Wizz Air claims to have laid foundations for a "swift recovery" from the Covid crisis, despite sinking to a substantial first-half (H1) loss ahead of what it predicts will be a "particularly challenging" winter.
The budget carrier on Thursday (5 November) posted a €145 million (£130 million) statutory loss for the six months to 30 September after passenger numbers plummeted more than 70% to just 6.5 million during H1.
Elsewhere, Wizz’s H1 earnings fell 97% from €607 million (£550 million) to €17.3 million (£15.5 million) and its revenue 72% from €1.67 billion (£1.5 billion) to €471 million (£425 million).
Total cash, meanwhile, amounted to €1.56 billion (£1.4 billion) at the end of H1, down from €1.82 billion (£1.65 billion) a year ago, which chief executive Jozsef Varadi attributed to "disciplined cost management" during the coronavirus crisis.
"Protection of the company’s liquidity position is our top priority and we expect, despite the projection of a difficult winter for the industry, to end the full-year at a solid liquidity position with an ability to respond to surging demand within weeks as a result of a strongly diversified network and a full integrity of its supply chain," said Wizz.
Varadi also stressed that while he acknowledged the challenges that lie ahead, Wizz would "generate a head start" by expanding into new markets and retaining its staff base, ready for the post-Covid recovery.
In an H1 trading update, Wizz said that while it would aim to prioritise cash-positive flying, this would likely be "minimal" if current Covid travel restrictions and lockdowns persist into winter. It also said it had the flexibility to "swiftly" adjust capacity according to market conditions.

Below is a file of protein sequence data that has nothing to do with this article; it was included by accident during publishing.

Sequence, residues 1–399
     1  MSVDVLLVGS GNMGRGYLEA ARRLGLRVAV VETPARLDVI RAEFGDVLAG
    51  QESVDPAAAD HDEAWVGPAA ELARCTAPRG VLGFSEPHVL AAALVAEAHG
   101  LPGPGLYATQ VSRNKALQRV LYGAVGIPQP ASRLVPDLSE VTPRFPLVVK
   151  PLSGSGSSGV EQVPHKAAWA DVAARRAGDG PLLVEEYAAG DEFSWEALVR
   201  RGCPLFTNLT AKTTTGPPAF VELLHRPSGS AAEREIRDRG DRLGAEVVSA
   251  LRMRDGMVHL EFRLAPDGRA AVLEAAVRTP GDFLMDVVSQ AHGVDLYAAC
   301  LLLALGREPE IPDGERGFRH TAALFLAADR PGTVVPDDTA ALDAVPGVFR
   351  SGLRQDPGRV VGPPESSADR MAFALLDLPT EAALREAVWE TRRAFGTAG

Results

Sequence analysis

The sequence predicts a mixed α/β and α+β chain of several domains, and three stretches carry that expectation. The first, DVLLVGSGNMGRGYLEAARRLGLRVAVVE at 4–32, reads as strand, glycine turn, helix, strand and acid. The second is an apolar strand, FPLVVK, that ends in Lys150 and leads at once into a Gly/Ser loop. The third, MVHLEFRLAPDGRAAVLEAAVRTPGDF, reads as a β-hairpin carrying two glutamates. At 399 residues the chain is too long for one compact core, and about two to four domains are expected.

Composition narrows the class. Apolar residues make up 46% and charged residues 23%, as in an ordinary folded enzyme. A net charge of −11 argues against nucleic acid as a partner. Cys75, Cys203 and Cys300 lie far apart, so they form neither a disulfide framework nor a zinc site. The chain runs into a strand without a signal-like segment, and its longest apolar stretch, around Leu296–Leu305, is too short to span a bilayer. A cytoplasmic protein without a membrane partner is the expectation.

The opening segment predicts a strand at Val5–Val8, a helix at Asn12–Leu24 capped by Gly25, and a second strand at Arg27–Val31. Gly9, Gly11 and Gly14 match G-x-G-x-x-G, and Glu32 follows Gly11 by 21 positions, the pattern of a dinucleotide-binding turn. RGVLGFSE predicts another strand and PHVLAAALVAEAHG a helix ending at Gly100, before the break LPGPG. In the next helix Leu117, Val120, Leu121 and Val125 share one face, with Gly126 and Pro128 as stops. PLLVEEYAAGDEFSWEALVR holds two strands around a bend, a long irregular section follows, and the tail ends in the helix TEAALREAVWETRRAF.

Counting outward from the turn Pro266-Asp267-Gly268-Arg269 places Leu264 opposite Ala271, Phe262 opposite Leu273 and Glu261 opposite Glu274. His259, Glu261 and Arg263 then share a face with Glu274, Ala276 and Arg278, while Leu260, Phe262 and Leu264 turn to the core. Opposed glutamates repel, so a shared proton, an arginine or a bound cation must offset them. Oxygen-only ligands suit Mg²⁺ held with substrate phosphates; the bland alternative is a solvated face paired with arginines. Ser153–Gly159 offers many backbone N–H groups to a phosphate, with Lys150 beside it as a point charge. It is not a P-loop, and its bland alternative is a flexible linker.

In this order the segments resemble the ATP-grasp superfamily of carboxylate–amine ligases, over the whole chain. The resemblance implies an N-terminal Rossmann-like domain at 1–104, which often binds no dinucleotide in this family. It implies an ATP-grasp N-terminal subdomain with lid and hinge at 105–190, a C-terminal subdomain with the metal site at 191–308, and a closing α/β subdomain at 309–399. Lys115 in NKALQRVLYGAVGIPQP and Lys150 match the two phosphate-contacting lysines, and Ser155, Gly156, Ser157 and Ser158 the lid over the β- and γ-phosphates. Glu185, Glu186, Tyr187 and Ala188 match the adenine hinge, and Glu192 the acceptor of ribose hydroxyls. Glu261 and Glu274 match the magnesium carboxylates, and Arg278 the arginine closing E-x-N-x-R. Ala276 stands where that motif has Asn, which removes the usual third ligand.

Wizz expects cash burn of around €70 million (£63 million) a month if it had to ground its entire fleet through to the end of its 2020/21 full-year.
The carrier has, however, pledged to continue investing in fleet renewal during the second-half of the year to boost its competitiveness and commitments to sustainability.
Varadi added: "During the winter period, we expect conditions to be particularly challenging with ongoing travel restrictions due to Covid-19 as well as the seasonal drop in demand for travel. We will continue to focus on cost management and strive to maintain cash-positive flying with a disciplined approach towards capacity.
"Notwithstanding the challenges that lie ahead of us during the remainder of this fiscal year, we have laid the foundation for a swift recovery – in addition to expanding into new markets, we intend to retain all our current staff base and thereby generate a head start for when demand returns.
"We are confident we will emerge as a structural winner, enabling Wizz Air to grow profitably in the years to come."